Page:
LA, Long Beach Port Truck Drivers on Strike

The Southern California ports are the primary West Coast gateway for hundreds of billions of dollars of annual trade with Asia

Some truck drivers who haul goods from the nation's busiest port complex in Los Angeles and Long Beach went on strike Monday in the latest action as part of a long-running labor dispute at the West Coast's shipping gateway.

The strike targeting four companies doing business at the Los Angeles-Long Beach and San Diego complexes comes after a weekend vote from Teamsters. Drivers from the four companies are striking, but it wasn't immediately clear how many of the 16,000 truckers at the ports of Los Angeles and Long Beach would walk off the job.

About 200 of the estimated 500 drivers associated with the four companies were on the picket lines Monday, and the job action will expand to cargo terminals later in the day, a Teamsters union representative said during a morning conference call announcing the strike. Some secondary  picketing will target specific trucks as they arrive at other locations.

The strike involving drayage firms, which specialize in short-haul transport, is not expected to shut down all port business. All port terminals remained opened Monday morning.

The Los Angeles-Long Beach ports are the primary West Coast gateway for hundreds of billions of dollars of annual trade with Asia. Drivers also walked picket lines Monday morning at an Otay Mesa freight drayage company in San Diego.

About 16,000 drivers work at the ports, most of them independent contractors for trucking companies. The truckers say they face shrinking wages and want to become employees of the trucking companies, which they say would mean better wages and workplace protections.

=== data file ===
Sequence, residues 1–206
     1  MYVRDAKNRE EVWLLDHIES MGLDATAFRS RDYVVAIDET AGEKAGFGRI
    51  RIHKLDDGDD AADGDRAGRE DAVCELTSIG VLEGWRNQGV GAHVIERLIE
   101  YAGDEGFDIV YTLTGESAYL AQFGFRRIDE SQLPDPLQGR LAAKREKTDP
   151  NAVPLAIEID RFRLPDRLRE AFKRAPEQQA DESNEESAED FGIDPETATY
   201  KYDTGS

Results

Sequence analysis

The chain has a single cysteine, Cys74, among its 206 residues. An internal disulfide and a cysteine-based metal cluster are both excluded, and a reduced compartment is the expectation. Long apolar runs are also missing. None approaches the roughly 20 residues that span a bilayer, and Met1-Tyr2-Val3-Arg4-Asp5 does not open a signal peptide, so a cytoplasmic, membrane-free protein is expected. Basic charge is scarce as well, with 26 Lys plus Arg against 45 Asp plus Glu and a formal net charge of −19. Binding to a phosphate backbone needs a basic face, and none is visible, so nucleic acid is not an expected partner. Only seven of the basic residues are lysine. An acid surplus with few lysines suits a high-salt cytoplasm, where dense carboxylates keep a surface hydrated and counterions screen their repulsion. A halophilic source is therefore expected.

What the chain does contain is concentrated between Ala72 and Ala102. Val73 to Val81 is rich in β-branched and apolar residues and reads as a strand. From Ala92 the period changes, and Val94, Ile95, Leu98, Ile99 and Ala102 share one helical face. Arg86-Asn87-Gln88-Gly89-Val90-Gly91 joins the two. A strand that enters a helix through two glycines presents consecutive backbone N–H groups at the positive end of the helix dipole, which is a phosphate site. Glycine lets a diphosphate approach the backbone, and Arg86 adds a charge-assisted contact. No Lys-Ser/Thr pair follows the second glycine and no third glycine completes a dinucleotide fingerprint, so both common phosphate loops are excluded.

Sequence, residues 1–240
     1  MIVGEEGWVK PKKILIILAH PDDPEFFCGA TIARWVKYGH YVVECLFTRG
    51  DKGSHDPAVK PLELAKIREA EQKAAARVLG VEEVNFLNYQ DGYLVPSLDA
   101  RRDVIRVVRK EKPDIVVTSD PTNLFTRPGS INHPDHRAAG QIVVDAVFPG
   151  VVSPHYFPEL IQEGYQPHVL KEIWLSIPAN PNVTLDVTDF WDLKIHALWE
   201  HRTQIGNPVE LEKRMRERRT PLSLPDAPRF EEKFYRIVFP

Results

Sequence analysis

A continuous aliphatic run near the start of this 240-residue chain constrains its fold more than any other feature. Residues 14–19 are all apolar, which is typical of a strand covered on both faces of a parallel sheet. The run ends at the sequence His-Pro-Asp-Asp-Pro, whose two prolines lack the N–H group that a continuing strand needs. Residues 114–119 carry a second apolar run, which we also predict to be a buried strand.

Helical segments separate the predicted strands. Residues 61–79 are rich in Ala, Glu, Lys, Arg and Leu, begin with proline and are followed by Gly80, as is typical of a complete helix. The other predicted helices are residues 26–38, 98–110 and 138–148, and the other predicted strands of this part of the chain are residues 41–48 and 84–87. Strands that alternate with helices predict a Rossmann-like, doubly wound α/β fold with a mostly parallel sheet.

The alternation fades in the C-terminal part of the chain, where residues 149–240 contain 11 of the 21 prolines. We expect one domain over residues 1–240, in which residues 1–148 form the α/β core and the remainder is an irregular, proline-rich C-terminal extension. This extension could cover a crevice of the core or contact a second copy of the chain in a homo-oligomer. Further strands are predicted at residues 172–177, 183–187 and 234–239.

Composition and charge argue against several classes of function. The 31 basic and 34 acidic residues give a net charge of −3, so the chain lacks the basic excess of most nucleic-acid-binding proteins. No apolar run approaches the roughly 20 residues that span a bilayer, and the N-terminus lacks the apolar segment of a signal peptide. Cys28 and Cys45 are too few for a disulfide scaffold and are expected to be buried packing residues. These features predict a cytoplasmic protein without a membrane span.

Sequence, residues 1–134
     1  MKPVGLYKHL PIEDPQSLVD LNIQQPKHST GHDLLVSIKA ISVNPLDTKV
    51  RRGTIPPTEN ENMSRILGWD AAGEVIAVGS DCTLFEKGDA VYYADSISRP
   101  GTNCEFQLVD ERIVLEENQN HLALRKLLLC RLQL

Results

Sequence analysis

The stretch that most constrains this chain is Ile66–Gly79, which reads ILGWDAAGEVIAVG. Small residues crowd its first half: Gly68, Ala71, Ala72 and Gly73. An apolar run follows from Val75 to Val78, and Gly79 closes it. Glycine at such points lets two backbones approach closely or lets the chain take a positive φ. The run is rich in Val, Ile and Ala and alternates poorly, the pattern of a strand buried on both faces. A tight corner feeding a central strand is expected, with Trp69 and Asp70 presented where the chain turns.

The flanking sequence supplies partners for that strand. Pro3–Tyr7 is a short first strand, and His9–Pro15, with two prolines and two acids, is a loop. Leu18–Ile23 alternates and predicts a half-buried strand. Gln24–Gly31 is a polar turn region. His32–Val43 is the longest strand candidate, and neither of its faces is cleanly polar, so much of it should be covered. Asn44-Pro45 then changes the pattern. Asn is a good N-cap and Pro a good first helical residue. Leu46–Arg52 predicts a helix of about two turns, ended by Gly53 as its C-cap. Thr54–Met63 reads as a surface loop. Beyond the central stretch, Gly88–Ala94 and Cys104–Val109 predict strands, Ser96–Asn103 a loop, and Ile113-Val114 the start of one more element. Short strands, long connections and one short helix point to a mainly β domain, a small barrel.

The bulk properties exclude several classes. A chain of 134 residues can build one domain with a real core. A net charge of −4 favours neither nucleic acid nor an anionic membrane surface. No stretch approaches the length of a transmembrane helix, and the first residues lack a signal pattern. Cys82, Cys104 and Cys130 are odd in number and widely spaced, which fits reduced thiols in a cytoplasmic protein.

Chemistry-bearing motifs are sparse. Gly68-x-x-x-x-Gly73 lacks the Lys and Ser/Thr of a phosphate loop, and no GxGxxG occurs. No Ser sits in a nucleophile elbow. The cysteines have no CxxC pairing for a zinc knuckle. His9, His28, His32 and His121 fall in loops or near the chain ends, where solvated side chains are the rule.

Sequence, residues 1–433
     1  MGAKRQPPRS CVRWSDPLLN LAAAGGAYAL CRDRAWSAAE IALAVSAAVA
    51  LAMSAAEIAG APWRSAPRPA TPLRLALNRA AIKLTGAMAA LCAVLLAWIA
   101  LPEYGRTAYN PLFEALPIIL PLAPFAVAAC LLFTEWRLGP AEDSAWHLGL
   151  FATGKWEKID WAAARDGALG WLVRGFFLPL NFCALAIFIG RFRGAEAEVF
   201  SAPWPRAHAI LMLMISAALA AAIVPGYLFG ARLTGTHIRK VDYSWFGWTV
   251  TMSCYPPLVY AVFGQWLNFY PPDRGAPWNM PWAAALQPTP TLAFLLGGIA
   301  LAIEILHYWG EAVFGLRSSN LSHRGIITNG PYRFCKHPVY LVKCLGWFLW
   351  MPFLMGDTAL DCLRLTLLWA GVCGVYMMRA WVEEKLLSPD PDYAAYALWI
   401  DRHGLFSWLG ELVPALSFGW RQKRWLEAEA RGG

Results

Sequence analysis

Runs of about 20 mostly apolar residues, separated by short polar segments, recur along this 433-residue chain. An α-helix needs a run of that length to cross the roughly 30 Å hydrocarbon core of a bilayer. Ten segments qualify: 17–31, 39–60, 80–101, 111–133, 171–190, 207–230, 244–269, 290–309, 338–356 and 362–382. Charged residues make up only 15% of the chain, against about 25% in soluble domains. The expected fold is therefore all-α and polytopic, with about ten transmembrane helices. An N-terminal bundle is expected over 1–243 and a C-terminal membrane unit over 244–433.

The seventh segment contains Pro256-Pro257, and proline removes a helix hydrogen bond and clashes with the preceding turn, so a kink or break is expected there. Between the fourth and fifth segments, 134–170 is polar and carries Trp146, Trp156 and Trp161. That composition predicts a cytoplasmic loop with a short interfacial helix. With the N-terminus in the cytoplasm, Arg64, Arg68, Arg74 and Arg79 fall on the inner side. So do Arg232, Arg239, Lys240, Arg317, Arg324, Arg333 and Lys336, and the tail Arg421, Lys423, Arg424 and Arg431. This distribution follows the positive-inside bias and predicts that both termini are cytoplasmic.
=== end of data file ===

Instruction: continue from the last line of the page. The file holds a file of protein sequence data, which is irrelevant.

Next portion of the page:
The drivers have been subjected to "persistent wage theft," said Teamsters spokeswoman Barb Maynard. Striking truckers argue they are improperly classified as independent contractors.

It was too soon to say what, if any, effect a work stoppage would have on business, said ports representatives. Earlier this year, tough contract negotiations with dockworkers nearly closed 29 seaports from San Diego to Seattle, causing major delays in the delivery of billions of dollars of imports and exports.

Trucking companies have argued that driver pay is good and picketing at the ports did not represent the majority of drivers. They object especially to the timing of the unrest as the port is still recovering from a dockworkers strike.

"I believe now is a horrible time to introduce any slow-downs to the supply chain," Weston LaBar, executive director of the Harbor Trucking Association, said in a statement late last week. "If they want to be a part of the real solution perhaps they should suspend these efforts until we get closer to a normal flow of cargo in the San Pedro Bay. We don't want to put any more jobs in our region in jeopardy."

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